For this paper, discussions from both workshops were first analysed separately and then comparatively across the different workshop stakeholder groups. Both workshops were initially thematically analysed to allow for concepts and themes to emerge for each stakeholder group, including cross checking to the previous data generated at earlier stages of the project with in-depth narrative interviews (conducted in 2019/2020) and qualitative survey responses (conducted 2021). Comparative analysis then drew out points of shared understanding and points of differentiation, as discussed below in the Findings Section of this paper. The method of analysis for each stakeholder workshop was abductive, starting with some pre-defined concepts that emerged from the first phases of the research project but also allowing themes to emerge during analysis, particularly in regards to drawing out the nuance in the second half of the stakeholder workshops with its future orientation for supported action and change [30]. Analysis used different levels of open, axial, and selective coding as foundational techniques to interrogate the text [30,31]. The research team initially read through the transcripts to open up the text and identify broad themes that lead to more in-depth examination for each stakeholder group. This worked as a process of data validation as it enabled cross-member checking of the emergent themes across the researchers and community partners involved in the project. This was particularly critical as a core component of developing a roadmap for the future, while being attentive to potential areas of shared imagining that will enable Indigenous LGBITQ+ youth to achieve their future aspirations with appropriate service provisioning, supports and actions. Themes were organised into categories, identifying key relationships and linkages between cases (participants) and concepts [30,31]. Using an iterative approach, the themes and categories built on each other and generated higher levels of abstraction and concepts, researchers constantly referring back to the interviews to ensure emerging themes maintained a close relationship to the original analysis generated by the prior rounds of concept building.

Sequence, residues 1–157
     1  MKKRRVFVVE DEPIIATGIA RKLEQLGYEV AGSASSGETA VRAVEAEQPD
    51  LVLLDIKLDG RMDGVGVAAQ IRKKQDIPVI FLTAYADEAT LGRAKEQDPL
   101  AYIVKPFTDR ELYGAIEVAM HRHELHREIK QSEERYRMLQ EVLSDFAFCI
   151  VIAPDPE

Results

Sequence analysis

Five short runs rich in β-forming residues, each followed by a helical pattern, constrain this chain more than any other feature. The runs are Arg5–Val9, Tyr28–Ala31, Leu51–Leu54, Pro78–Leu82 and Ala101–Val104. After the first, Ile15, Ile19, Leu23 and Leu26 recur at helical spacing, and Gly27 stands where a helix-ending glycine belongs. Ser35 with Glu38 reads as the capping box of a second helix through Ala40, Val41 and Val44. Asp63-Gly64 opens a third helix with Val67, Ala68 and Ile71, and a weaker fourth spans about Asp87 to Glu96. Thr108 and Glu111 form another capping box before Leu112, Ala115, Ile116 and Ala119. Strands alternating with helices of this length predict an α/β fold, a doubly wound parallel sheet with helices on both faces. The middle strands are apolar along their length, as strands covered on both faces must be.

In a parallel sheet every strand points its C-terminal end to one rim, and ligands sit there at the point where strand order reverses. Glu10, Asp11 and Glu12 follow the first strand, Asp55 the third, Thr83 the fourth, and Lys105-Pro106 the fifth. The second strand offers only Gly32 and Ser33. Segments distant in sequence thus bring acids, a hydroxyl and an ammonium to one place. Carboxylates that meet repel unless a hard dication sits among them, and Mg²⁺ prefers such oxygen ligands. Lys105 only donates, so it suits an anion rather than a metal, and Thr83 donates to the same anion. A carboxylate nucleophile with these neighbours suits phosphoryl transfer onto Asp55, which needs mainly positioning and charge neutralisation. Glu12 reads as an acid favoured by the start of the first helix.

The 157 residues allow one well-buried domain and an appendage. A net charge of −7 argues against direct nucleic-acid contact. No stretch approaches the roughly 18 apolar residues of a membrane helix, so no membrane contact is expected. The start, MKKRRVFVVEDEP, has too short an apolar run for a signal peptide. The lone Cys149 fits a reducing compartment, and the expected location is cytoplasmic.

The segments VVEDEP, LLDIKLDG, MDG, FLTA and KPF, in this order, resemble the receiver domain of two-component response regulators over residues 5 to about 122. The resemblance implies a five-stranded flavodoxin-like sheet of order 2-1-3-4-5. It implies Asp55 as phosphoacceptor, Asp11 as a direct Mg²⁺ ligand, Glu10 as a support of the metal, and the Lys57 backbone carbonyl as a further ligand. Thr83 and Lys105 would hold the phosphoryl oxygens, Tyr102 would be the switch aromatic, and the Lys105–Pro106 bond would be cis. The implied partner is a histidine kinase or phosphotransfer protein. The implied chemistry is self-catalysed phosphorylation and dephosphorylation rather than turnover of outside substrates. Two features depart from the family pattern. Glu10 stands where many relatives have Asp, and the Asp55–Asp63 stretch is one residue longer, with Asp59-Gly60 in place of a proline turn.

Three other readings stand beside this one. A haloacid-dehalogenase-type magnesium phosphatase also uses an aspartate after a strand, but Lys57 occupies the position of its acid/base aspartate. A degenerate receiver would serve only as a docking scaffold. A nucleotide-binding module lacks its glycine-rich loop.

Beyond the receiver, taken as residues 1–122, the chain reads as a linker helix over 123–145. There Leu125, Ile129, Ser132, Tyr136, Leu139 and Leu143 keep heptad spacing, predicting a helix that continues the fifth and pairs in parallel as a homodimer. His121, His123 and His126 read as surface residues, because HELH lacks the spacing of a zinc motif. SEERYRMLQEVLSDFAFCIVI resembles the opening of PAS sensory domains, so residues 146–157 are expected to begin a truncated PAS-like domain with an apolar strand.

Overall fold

This article has been reviewed by Indigenous LGBTIQ+ people on the project’s First Nations research governance group, and the NSW Aboriginal Health and Medical Re-search Council’s (AH&MRC) Human Research Ethics Committee (HREC). The project received ethics approval from the AH&MRC (HREC Ref. 1536/19) on 27 August 2019. All quotes by Indigenous LGBTIQ+ youth in this article were reviewed and approved for publication by each of the participants article in acknowledgement of their ownership and control of their own stories. The project’s working name reflects this ownership: ‘Dalarinji’, a Gadigal word for ‘Your Story’. The data shared in this article has been de-identified to ensure anonymity for the participants and the service providers.